To Free or Not to Free E-Newspapers
February 4, 2014
By Ken Blum | Black Ink
The two most popular options are:
1. The online edition is free with any print subscription. Or, for the online edition only, the subscriber can pay a separate rate, usually the paper’s local print subscription price. This way, the out-of-area subscriber can receive the online edition-only for the low local print subscription rate instead of one of the pricier out-of-area print subscription rates
2. The online edition is available to print subscribers but for a surcharge on top of any of the print subscription rates. The typical surcharge is only about $5. Again, the online edition-only option is offered for the local print subscription rate.
I really don’t have a preference for either option 1 or 2. Both have their advantages and disadvantages.
Option one—all subscribers get free access to the online edition—creates a valuable premium to use to sell print subscriptions.
For example, “For one subscription rate you get both the print and online versions of the Bugle.”
Option 2—print subscribers pay a modest surcharge for access to the online edition—creates an additional source of revenue to support the e-edition and website. The charge creates a sense of value (albeit at a bargain) for this amenity.
You can’t go wrong with either choice, but keep the following in mind:
• Many papers offer free access to the online edition but don’t let their subscribers know about it.
The free access isn’t mentioned on subscription bills or in circulation promotion materials. The paper may run a house ad every now and then explaining the print subscription also includes online edition access, but for the most part the subscriber has to figure that out for herself.
So if you offer free access to the online edition for print subscribers, include an explanation about the service in all your renewal bills, circulation house ads, subscription rate information in the paper’s masthead and, of course, on the website.
Also include clear information about how to obtain a password for the e-edition.
• The best option for subscribers outside the market is e-edition only.
The subscriber receives the online edition immediately instead of waiting a week for postal delivery of the print edition. The newspaper benefits from savings on expensive out-of-area postage—the profit margin for an online only subscription charged at local print rate is far greater than the margin for a print copy mailed at an out-of-area print rate.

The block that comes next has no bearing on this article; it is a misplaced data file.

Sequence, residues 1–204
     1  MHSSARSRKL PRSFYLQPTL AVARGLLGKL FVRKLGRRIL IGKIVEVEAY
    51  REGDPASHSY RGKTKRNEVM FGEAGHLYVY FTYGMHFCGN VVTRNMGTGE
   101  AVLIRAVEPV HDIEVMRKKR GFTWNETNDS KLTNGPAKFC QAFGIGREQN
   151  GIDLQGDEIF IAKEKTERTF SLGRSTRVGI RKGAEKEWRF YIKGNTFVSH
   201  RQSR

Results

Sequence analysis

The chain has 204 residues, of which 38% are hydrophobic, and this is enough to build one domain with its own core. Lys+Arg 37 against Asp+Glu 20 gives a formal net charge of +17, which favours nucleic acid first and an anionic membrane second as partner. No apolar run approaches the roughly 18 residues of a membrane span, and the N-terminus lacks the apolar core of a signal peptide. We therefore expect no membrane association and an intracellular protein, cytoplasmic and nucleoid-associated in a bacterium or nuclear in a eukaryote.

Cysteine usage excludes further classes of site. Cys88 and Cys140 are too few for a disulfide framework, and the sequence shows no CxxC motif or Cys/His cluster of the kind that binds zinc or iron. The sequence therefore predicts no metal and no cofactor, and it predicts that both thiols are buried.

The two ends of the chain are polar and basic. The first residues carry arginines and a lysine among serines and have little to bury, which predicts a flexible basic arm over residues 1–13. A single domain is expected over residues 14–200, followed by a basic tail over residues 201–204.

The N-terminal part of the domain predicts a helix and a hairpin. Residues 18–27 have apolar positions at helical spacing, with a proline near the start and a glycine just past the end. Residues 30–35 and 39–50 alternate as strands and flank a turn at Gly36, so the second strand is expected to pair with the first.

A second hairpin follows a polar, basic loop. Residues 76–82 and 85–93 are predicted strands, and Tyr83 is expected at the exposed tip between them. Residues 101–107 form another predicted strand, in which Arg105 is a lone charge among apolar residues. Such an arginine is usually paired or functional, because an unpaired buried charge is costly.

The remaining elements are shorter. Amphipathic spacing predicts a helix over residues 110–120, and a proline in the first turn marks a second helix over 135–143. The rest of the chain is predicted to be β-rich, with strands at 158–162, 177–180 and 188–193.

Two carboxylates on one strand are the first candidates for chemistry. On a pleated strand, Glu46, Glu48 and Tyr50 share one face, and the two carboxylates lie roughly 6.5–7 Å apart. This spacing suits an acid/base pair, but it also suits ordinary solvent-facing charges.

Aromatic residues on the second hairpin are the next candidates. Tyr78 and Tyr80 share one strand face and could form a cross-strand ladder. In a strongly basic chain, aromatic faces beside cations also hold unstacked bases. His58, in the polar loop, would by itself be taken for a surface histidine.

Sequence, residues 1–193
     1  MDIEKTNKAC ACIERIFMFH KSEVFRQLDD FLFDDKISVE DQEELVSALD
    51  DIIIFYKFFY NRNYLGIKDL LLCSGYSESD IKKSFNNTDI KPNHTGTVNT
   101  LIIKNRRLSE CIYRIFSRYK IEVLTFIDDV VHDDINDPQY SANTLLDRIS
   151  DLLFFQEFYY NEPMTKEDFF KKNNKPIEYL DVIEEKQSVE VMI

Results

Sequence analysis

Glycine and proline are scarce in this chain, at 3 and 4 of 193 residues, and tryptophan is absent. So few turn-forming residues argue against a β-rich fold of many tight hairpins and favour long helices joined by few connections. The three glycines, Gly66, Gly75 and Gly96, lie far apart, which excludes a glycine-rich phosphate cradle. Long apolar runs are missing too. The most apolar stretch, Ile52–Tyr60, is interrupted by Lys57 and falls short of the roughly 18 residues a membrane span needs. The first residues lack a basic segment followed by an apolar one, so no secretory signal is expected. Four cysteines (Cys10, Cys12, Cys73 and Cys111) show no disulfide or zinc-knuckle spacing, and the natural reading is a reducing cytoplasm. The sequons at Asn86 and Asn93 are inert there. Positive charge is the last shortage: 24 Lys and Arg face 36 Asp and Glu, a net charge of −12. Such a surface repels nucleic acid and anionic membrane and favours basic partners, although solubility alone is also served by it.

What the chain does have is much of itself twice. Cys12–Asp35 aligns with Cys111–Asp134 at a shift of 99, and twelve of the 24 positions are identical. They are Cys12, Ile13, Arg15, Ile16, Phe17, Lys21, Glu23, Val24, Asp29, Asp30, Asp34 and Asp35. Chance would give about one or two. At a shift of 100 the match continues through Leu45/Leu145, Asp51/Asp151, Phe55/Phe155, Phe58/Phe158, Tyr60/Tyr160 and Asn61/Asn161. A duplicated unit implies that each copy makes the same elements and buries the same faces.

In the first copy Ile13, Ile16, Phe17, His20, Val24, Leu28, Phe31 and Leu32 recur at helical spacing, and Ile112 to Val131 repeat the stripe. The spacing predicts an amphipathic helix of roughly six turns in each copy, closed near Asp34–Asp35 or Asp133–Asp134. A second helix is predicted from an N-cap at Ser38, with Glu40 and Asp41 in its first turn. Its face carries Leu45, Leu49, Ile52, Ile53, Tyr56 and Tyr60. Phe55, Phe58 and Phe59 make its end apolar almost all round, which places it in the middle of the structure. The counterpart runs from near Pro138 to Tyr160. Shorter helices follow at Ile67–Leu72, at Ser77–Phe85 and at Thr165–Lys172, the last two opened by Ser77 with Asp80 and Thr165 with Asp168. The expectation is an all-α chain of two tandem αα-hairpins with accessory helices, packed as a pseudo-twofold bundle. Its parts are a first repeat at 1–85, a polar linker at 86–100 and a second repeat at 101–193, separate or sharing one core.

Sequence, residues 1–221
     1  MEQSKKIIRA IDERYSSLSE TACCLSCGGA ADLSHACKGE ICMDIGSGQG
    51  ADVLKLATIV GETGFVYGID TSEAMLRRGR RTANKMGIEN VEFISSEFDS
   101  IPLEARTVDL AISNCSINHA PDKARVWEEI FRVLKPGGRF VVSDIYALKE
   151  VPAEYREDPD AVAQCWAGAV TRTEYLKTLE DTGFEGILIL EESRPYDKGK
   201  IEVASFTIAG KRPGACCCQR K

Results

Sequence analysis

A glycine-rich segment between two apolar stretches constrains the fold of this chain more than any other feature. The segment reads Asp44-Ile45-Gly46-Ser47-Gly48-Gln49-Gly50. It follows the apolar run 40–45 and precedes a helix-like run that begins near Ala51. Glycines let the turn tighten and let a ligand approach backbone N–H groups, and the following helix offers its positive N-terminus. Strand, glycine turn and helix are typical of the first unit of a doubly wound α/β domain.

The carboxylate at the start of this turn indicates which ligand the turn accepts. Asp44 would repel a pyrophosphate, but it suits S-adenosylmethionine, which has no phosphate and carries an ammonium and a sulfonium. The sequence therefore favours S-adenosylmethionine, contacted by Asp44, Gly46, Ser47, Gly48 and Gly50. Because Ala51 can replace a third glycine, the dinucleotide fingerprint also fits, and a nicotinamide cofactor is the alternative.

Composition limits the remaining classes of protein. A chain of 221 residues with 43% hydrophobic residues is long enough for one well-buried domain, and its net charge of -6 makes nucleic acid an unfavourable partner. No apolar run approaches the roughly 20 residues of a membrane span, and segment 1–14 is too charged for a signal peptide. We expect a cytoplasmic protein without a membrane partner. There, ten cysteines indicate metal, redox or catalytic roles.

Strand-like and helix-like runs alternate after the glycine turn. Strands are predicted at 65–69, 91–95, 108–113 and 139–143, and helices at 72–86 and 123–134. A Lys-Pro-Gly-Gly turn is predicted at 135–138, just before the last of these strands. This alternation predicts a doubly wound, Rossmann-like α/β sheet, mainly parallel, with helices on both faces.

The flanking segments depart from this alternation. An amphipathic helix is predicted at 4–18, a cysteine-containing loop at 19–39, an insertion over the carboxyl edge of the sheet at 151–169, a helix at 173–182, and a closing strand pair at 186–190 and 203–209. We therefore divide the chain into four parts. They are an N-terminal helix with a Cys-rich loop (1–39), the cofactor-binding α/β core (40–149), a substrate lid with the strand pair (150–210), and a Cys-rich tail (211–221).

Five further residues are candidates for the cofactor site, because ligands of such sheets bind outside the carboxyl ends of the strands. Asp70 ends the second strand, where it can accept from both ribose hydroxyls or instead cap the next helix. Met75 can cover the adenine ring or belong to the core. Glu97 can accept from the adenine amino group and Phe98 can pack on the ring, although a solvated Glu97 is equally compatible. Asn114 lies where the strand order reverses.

• Some publishers will disagree, but in my opinion the e-edition subscription should involve access to only a PDF or PDF-like duplicate of the print edition; not both the duplicate print or text versions of all the stories with pictures.
I go around and around about this issue with some Web techies, but here are my talking points against offering all the stories as straight text with accompanying pictures.
1. The fact is that 90 percent of a typical paid newspaper’s business is derived from the print product, and only 10 percent from a paper’s website or online edition. Maybe that will change sometime in the future as e-reader technology progresses. But print rules now, so it’s illogical to adopt any strategy that could cannibalize readership of the printed newspaper’s news and ads.
2. Anywhere from 70 percent to 80 percent of a paid newspaper’s revenue comes from advertising in print. Thus, it’s imperative to not hide advertising in the print product from readers, even if they access the paper’s news content electronically.
3. Frankly, website advertising in its current forms doesn’t hold a candle to the effectiveness of print advertising.
When is the last time you had an advertiser rave about the results he got from an ad placed on your website?
This is why I see so many papers sell beaucoup advertising on the paper’s website in an initial effort, and then the volume of ads fades into oblivion after contracts expire.
“The ad reps don’t push the Web advertising,” some argue.
But maybe they don’t push it simply because deep down inside they know it’s not a value for the client’s advertising dollar.
Website advertising is a worthy supplement to print advertising, but it’s sure as heck not a logical replacement for print advertising, not if getting results for the client is a priority.
Again, this could change in the future as technology speeds ahead. Maybe all hometown newspapers will be delivered electronically in the future.
Not now. It’s not there yet. Not close to it yet.
We need to keep current on e-trends. But in the now, in the today, to emphasize electronic options while de-emphasizing or making any move to the detriment of the core print product amounts to nothing but financial foolishness. © Ken Blum 2014
Ken Blum is the publisher of Butterfly Publications, an advising/speaking/publishing business dedicated to improving the profitability and quality of community newspapers. He puts out a monthly free e-mail newsletter titled Black Inklings. It features nuts and bolts ideas to improve revenue and profits at hometown papers. To subscribe to the newsletter or contact Ken, e-mail him at email@example.com; or phone to 330-682-3416.